When it comes to sharing my love of the hobby with my non-railroading friends and acquaintances, I’m not shy about it. They all know where I’ll be on November Sundays. When an Amtrak crash makes the news, they ask me for details. They send me sympathy cards when a hobby shop burns down.
They also send their orphans to me.
It’s not like I have an “Old Trains Wanted” T-shirt that I wear around, or anything like that. I’m not in the buy/sell business. Stuff just shows up. Somebody is cleaning out their basement, and a box of forgotten ’60s-vintage Lionel, or ’70s-vintage Tyco, or ’80s-vintage Life-Like show up. Invariably, it’s low-end stuff, purchased from Sears, or K-Mart, or Toys-R-Us for some distant Christmas. It has little to no collectible value. What to do with it? Shame to just throw it away. Maybe Jeff will take it.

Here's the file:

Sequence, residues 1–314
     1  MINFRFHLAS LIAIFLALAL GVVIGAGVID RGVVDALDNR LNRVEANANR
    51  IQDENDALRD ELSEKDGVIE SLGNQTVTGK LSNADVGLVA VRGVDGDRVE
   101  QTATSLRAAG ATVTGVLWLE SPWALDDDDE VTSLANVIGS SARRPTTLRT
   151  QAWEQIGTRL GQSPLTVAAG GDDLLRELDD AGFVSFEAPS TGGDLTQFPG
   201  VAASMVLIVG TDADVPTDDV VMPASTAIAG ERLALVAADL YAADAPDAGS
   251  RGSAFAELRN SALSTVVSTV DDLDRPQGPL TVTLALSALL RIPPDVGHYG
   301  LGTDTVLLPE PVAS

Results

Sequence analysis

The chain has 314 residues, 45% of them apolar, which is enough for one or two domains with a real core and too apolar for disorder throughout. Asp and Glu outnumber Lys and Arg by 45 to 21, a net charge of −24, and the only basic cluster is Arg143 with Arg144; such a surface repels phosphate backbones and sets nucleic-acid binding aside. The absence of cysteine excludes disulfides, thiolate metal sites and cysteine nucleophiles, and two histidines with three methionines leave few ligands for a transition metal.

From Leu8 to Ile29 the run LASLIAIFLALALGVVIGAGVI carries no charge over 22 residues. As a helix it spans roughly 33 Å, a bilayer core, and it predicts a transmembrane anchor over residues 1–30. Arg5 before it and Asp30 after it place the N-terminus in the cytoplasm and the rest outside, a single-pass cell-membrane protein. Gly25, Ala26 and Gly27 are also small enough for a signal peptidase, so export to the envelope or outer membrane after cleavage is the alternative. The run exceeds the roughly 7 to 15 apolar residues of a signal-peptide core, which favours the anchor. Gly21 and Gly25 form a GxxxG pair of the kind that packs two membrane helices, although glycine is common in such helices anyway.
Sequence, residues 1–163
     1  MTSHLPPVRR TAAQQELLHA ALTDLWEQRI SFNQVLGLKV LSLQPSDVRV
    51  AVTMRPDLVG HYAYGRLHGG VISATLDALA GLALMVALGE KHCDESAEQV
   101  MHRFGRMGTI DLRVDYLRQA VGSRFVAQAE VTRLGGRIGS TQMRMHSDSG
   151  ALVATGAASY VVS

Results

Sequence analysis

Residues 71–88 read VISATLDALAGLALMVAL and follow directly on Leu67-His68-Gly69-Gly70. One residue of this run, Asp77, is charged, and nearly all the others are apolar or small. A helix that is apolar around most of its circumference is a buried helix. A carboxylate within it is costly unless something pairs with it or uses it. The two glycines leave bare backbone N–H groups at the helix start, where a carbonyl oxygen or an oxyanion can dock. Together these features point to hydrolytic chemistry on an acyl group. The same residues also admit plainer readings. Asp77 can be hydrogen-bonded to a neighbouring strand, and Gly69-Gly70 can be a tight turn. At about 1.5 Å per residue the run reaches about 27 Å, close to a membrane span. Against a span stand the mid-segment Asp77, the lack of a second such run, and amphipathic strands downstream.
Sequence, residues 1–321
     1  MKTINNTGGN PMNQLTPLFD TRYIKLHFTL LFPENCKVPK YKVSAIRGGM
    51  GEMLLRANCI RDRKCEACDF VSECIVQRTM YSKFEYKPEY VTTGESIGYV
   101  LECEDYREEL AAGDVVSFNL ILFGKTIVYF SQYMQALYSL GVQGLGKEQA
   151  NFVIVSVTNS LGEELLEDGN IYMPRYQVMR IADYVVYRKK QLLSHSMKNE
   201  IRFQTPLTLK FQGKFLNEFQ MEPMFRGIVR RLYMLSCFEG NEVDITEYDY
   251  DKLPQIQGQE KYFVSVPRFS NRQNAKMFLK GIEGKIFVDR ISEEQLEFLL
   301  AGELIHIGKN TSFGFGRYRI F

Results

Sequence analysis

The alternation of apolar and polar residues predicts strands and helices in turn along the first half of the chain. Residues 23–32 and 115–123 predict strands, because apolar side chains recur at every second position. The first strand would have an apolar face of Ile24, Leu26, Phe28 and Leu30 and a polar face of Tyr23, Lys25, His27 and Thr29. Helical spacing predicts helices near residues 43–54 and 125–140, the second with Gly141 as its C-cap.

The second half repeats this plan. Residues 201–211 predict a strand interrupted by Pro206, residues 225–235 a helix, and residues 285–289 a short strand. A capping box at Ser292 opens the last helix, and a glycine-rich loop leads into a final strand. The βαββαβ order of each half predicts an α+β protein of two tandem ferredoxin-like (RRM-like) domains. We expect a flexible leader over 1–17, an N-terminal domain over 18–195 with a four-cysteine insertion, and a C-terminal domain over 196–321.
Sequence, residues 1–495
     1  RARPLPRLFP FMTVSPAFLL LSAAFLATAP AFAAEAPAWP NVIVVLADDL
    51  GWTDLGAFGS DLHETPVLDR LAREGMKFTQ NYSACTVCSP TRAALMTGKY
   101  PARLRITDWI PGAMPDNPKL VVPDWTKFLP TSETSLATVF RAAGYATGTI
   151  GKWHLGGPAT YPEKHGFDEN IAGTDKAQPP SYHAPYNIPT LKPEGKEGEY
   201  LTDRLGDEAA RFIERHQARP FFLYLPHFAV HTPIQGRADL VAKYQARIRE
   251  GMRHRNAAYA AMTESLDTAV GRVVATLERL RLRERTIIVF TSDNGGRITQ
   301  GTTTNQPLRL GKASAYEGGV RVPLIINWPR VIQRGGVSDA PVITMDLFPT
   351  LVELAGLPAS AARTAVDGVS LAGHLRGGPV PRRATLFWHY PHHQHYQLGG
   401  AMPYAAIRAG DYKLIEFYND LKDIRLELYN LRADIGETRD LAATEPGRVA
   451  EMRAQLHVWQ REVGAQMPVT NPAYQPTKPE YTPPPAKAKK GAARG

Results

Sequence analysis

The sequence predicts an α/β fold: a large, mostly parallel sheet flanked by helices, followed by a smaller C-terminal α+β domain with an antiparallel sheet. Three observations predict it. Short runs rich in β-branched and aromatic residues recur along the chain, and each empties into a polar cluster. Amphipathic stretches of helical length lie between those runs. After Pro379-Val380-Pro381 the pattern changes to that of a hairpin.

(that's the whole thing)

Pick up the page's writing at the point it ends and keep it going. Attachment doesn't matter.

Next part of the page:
And Jeff does. Because I love trains.
Coming as I do from a long line of packrats, I have to fight the urge to simply let it pile up. I have too much hobby material already, and most of the orphans aren’t useful to my hobby activities. There are a few items that I’ve hung onto, but most of the time I turn it around and give it away again. I’m kind of like a cat shelter, only without the hassle of spaying and neutering.
Today’s arrival is a surprisingly diverse box of Lionel O-27. A quick survey of the box’s contents revealed items spanning from the ’30s all the way up to 1970 or so, with at least three incompatible styles of couplers. The donors are a retired couple preparing to sell their home of 49 years. They were quite grateful to have the box off their hands. There’s nothing there that I can use myself, but I have some ideas of where it can go.